Vyper Permit2 Tutorial

Integrate Permit2 into your contracts




April 25, 2024

Permit21 is a contract that allows using Permit signatures2 with any token. You just approve a Permit2 contract once and then you can use it with any contract that integrates it.

It solves a crucial UX problem, but it has seen quite slow adoption. Possibly because its documentation leaves the developers scratching their heads instead of giving them an idea how to integrate Permit2 in their contracts.

This tutorial will teach you how to use Permit2 contract from Vyper and Python using copy and paste method.

Vyper contract

The first snippet defines everything you need to call the Permit2 contract. It defines all the needed structs and the interface you’ll be calling.

struct TokenPermissions:
    token: address
    amount: uint256

struct PermitTransferFrom:
    permitted: TokenPermissions
    nonce: uint256
    deadline: uint256

struct SignatureTransferDetails:
    to: address
    requestedAmount: uint256

interface Permit2:
    def permitTransferFrom(
        permit: PermitTransferFrom,
        transferDetails: SignatureTransferDetails,
        owner: address,
        signature: Bytes[65]
    ): nonpayable

permit2: immutable(Permit2)

def __init__():
    permit2 = Permit2(0x000000000022D473030F116dDEE9F6B43aC78BA3)

Add a new deposit method and use it as follows:

def deposit_permit(amount: uint256, nonce: uint256, deadline: uint256, signature: Bytes[65]) -> uint256:
            permitted: TokenPermissions({token: self.token, amount: amount}),
            nonce: nonce,
            deadline: deadline
        SignatureTransferDetails({to: self, requestedAmount: amount}),
    # you have the amount of token here
    return self.vault.deposit(amount, msg.sender)

Note that requestedAmount can be lower than permitted amount, but it cannot exceed it.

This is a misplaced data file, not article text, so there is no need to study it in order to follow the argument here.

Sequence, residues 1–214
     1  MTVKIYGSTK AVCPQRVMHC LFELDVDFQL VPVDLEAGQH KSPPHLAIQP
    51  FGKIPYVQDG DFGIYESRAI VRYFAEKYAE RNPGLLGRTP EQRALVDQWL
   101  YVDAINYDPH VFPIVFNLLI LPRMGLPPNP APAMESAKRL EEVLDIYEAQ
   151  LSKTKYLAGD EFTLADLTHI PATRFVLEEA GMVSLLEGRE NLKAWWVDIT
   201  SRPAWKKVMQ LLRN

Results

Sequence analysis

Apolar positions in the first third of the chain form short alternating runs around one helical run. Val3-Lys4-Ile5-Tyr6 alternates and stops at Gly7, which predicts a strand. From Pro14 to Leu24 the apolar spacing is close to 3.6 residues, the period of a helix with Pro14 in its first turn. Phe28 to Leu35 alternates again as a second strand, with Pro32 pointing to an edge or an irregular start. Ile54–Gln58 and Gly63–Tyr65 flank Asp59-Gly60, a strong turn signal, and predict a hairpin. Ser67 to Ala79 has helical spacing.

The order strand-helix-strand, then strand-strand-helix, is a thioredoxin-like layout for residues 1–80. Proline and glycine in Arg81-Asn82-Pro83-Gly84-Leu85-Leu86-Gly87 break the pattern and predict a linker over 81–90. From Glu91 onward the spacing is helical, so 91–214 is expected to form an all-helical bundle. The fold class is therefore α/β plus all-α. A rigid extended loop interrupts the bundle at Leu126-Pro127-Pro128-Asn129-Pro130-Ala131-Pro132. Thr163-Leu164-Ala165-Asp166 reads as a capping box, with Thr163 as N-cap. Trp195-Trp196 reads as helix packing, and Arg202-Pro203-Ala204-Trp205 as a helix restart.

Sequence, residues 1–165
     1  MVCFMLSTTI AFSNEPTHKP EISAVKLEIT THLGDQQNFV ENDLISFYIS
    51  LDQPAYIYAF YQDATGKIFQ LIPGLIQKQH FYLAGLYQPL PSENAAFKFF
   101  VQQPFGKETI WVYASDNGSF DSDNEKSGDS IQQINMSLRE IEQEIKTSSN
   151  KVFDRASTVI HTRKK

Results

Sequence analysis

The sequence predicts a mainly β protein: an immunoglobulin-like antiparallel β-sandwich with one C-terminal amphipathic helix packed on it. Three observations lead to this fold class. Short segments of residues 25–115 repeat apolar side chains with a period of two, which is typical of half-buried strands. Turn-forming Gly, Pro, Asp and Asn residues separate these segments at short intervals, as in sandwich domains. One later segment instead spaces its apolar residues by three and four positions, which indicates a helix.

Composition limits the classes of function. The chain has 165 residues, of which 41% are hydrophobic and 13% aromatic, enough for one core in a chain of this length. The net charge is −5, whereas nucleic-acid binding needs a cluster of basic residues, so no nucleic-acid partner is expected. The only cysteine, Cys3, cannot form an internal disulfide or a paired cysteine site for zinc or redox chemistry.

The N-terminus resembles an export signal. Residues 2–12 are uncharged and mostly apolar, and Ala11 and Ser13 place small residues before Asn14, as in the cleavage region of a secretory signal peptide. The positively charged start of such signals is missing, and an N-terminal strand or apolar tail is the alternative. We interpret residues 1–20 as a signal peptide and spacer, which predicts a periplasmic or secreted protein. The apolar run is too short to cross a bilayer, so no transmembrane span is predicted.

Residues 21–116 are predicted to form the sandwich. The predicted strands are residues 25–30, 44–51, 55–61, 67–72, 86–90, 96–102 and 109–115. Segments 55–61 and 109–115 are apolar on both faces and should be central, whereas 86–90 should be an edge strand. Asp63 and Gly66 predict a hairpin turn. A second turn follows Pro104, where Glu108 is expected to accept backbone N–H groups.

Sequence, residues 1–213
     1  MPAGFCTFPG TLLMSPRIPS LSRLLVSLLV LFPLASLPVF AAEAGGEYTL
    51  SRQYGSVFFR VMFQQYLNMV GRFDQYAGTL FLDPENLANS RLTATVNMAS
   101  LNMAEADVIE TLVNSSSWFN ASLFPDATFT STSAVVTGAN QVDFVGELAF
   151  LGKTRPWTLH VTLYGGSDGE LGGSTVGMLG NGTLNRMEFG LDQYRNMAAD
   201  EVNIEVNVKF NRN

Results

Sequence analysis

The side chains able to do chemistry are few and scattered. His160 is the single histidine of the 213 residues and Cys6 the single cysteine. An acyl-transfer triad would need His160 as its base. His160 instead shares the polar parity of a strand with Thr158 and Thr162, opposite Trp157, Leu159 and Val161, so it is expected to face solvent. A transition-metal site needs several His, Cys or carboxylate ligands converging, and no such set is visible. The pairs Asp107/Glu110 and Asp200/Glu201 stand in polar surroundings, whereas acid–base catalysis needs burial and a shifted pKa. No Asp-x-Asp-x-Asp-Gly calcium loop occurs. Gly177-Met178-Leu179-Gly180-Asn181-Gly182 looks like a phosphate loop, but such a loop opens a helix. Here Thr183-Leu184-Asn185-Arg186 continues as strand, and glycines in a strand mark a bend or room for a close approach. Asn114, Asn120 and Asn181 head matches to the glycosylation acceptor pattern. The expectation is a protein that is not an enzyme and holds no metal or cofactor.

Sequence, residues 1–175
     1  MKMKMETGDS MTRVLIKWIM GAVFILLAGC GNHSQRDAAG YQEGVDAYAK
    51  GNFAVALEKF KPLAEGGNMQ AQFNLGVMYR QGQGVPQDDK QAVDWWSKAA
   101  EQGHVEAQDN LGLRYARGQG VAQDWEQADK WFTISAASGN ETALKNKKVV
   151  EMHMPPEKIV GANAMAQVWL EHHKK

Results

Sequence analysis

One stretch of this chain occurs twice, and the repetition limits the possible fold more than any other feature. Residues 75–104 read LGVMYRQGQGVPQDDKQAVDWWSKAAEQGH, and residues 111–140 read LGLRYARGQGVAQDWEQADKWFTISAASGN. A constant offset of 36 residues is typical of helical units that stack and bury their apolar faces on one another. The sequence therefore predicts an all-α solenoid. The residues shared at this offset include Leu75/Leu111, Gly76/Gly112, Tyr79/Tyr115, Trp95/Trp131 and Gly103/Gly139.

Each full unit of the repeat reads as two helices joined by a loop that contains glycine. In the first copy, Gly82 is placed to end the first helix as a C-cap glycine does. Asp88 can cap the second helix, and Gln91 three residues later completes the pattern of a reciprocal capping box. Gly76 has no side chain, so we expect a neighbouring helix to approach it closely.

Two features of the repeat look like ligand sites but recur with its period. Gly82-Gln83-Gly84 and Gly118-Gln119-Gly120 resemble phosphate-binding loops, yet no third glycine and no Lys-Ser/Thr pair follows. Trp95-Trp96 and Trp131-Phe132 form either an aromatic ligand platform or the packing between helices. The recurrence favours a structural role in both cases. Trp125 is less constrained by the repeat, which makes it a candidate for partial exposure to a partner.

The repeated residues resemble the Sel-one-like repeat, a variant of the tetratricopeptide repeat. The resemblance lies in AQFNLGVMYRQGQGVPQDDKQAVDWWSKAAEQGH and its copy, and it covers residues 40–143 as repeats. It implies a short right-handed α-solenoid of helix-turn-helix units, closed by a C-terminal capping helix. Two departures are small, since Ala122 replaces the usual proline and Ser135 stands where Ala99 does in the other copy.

Generate a signature

Now that our contract accepts Permit2 signatures, we need to learn how to generate them. I’ll show how to do this with ape3.

$ ape console --network ethereum:mainnet-fork:foundry

Before using Permit2, the user would need to approve it. Luckily one approval is enough to use it with any number of contracts.

dev = accounts.load("harambe")
your_contract = project.YourContract.deploy(sender=dev)

token = Contract("choose your own")
permit2 = Contract("0x000000000022D473030F116dDEE9F6B43aC78BA3")

token.approve(permit2, 2**256-1, sender=dev)

Then you you need a valid EIP-712 signature. We’ll be using eip7124 library maintained by ApeWorX.

You may notice the type you sign slightly differs from the Vyper struct. When verifying, the spender is always set to the calling contract.

from eip712 import EIP712Message, EIP712Type

class TokenPermissions(EIP712Type):
    token: "address"
    amount: "uint256"

class PermitTransferFrom(EIP712Message):
    _name_ = "Permit2"
    _chainId_ = 1
    _verifyingContract_ = "0x000000000022D473030F116dDEE9F6B43aC78BA3"

    permitted: TokenPermissions
    spender: "address"
    nonce: "uint256"
    deadline: "uint256"

In Permit2, nonce is non-monotonic. You need to set it to any unused value. I recommend setting it to the the last block timestamp. The deadline is a unix timestamp as usual.

nonce = chain.blocks[-1].timestamp
deadline = nonce + 86400

permit = PermitTransferFrom(
    TokenPermissions(token, amount),

The signature is accepted in rsv format. There is a handy method to encode it that way.

user = accounts.load('harambe')
signature = user.sign_message(permit).encode_rsv()

tx = your_contract.deposit_permit(amount, nonce, deadline, signature)

Congrats! You’ve just made a permit deposit into your toy vault.